South Africa’s economy faced another challenging year in 2016, as soft commodity prices, slow domestic demand and an uncertain political outlook combined to limit growth, with prospects for the coming year expected to be only somewhat more positive.
Allegations of mismanagement by President Jacob Zuma and uncertainty over economic policy continued to impact growth through 2016, causing two leading ratings agencies to put the government on notice of a possible downgrade in the new year.
On November 25 Moody’s and Fitch issued statements saying that while there were leaving South Africa’s bond rating at “Baa2” and “BBB-”, respectively, the economy’s outlook had been revised to negative.
While leaving South Africa’s rating untouched, Fitch warned that continued political instability that adversely affects standards of governance, the economy or public finances could lead to a downgrade.
In its statement, Moody’s said the negative outlook recognised the downside risks associated with political uncertainty and low business confidence as well as the challenging external environment characterised by low growth, investment and trade.
Slow growth, weak demand
Low growth was also a factor in the central bank’s decision late in the year to leave its policy rates unchanged.
Citing weak demand, the South Africa Reserve Bank (SARB) held its key rates at its last monetary policy committee meeting for the year, in late November. The bank kept its repo rate at 7%, the same level as it has been since March, while the prime lending rate, as charged by banks, was maintained at 10.5%.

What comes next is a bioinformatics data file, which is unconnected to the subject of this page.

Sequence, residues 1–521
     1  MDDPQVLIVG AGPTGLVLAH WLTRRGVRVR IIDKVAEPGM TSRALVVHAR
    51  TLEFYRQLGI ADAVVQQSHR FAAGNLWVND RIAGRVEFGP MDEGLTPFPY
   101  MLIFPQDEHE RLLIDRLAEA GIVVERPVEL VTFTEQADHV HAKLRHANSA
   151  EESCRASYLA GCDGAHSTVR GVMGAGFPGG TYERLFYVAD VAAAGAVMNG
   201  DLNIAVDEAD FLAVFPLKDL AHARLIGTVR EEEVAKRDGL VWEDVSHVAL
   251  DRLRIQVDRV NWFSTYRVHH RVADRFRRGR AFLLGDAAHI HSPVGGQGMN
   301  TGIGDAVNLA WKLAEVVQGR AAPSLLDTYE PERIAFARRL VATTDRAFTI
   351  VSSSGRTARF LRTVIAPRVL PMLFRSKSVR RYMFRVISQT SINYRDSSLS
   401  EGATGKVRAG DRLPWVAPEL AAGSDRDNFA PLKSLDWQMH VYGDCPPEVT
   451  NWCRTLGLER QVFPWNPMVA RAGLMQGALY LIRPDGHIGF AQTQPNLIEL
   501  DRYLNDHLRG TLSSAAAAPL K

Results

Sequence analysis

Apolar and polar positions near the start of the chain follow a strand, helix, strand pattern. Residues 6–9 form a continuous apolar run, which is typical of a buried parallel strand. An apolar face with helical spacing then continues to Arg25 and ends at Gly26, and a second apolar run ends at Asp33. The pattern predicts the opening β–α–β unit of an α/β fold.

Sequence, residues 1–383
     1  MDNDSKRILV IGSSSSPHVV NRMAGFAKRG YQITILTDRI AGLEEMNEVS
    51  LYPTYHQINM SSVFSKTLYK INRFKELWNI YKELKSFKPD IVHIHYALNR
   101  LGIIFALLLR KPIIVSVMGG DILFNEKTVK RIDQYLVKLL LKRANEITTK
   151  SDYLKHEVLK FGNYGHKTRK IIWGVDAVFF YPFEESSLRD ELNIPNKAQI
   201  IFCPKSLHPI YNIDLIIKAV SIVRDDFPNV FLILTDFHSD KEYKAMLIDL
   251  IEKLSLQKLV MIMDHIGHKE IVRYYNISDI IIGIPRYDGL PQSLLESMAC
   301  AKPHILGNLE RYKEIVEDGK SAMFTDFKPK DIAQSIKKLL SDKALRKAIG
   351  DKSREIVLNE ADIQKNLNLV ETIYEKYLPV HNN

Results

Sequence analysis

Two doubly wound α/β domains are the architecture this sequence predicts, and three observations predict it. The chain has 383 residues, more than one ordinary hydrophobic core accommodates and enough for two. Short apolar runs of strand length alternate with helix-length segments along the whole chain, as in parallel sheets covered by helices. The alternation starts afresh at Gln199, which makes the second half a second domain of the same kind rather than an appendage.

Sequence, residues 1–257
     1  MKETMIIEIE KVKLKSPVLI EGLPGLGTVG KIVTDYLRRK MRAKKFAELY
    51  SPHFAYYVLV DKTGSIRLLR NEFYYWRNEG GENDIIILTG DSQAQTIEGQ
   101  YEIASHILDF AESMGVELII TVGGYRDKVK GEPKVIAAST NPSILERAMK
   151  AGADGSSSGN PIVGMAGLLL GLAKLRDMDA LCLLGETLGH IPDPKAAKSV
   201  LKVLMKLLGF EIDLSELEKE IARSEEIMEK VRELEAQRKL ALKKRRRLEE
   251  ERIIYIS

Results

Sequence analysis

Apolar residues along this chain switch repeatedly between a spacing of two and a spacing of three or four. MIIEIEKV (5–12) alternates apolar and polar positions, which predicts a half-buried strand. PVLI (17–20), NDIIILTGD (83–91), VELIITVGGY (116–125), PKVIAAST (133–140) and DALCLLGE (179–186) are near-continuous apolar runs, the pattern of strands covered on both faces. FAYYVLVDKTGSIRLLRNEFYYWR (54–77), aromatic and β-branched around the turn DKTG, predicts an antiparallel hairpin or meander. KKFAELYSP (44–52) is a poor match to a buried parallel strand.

One factor that stopped the SARB easing rates was inflation. This began edging up in the fourth quarter, with the consumer price index running at 6.6% year-on-year (y-o-y) in November, according to data issued by Statistics South Africa (Stats SA) in mid-December.
That figure was the highest since the 7% recorded in February, at a time when food prices were being pushed up due to drought, and overshoots SARB’s projected full-year inflation range of 3-6%.
In late November Lesetja Kganyago, governor of the SARB, said it had revised its assessment for inflation, stating that while early in the year risks had been seen as being balanced, they were now moderately on the up-side.
Along with leaving its rates untouched, the reserve bank left its forecast for GDP unchanged, forecasting growth of 0.4% for 2016, with the economy set to gain pace with expansion of 1.2% and 1.6% over the next two years.
The SARB’s growth estimates are moderately higher than those of the IMF for 2016 and 2017, though for the following year, the two forecasts converge. In its “World Economic Outlook” report issued at the end of October, the IMF projected South Africa’s GDP would expand by 0.012% in 2016, rising to 0.79% the next year and 1.6% in 2018.
Mining and manufacturing output fluctuates
South Africa’s mining industry posted solid growth in August and September, with production up 10.6% and 3.4% y-o-y, respectively, according to a recent Stats SA report. However, this trend was reversed by a 2.6% contraction in October and a 4.2% decrease a month later.
Platinum metals led November’s slowdown, with output falling 10.8% y-o-y, while iron ore and gold posted decreases of 8.7% and 9.4%, respectively.
The industry was buoyed by an agreement brokered in October between industry majors and unions on pay increases to avoid strike action – something that in 2014 resulted in the loss of $2bn worth of production.
In terms of manufacturing output, data from Stats SA also shows fluctuations during the latter half of 2016, following a peak of 4.7% y-o-y growth in June. Recent figures show a 1.9% rise in production in November, largely thanks to the strong performance of basic iron and steel, non-ferrous metal goods and machinery products, which contributed one percentage point to expansion.
Unemployment, meanwhile, grew in the latter part of 2016, reaching 27.1% of the workforce as of September, up from 26.6% in the second quarter. The fall in employment levels saw 5.9m South Africans out of work – an increase of 300,000 in three months – bringing the jobless rate to its highest level in 13 years.
While 288,000 jobs were added in the third quarter, the number of new workers entering the workforce did not compensate for those leaving it. The strongest growth was seen in the construction and agriculture sectors, which saw 104,000 and 56,000 new positions created, respectively.